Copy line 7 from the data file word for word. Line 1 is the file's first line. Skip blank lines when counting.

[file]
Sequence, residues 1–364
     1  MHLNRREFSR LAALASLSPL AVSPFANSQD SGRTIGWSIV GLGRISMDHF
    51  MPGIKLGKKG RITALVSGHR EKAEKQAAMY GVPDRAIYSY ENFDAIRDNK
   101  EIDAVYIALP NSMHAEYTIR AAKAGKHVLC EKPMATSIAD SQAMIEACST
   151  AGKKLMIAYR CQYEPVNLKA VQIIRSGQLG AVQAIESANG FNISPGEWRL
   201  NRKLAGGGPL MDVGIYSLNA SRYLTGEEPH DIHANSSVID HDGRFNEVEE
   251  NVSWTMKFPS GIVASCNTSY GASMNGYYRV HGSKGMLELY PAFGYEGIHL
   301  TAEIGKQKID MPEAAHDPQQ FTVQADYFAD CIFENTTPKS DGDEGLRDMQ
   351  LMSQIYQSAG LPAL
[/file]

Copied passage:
   251  NVSWTMKFPS GIVASCNTSY GASMNGYYRV HGSKGMLELY PAFGYEGIHL